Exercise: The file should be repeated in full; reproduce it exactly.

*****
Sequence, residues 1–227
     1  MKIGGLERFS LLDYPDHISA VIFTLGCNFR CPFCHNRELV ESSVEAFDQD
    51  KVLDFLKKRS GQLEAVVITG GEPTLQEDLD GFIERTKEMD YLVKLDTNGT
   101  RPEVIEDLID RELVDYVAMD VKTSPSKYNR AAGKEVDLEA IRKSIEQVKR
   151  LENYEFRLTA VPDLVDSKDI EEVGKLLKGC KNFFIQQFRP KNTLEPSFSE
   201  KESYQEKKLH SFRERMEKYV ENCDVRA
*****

Sequence, residues 1–227
     1  MKIGGLERFS LLDYPDHISA VIFTLGCNFR CPFCHNRELV ESSVEAFDQD
    51  KVLDFLKKRS GQLEAVVITG GEPTLQEDLD GFIERTKEMD YLVKLDTNGT
   101  RPEVIEDLID RELVDYVAMD VKTSPSKYNR AAGKEVDLEA IRKSIEQVKR
   151  LENYEFRLTA VPDLVDSKDI EEVGKLLKGC KNFFIQQFRP KNTLEPSFSE
   201  KESYQEKKLH SFRERMEKYV ENCDVRA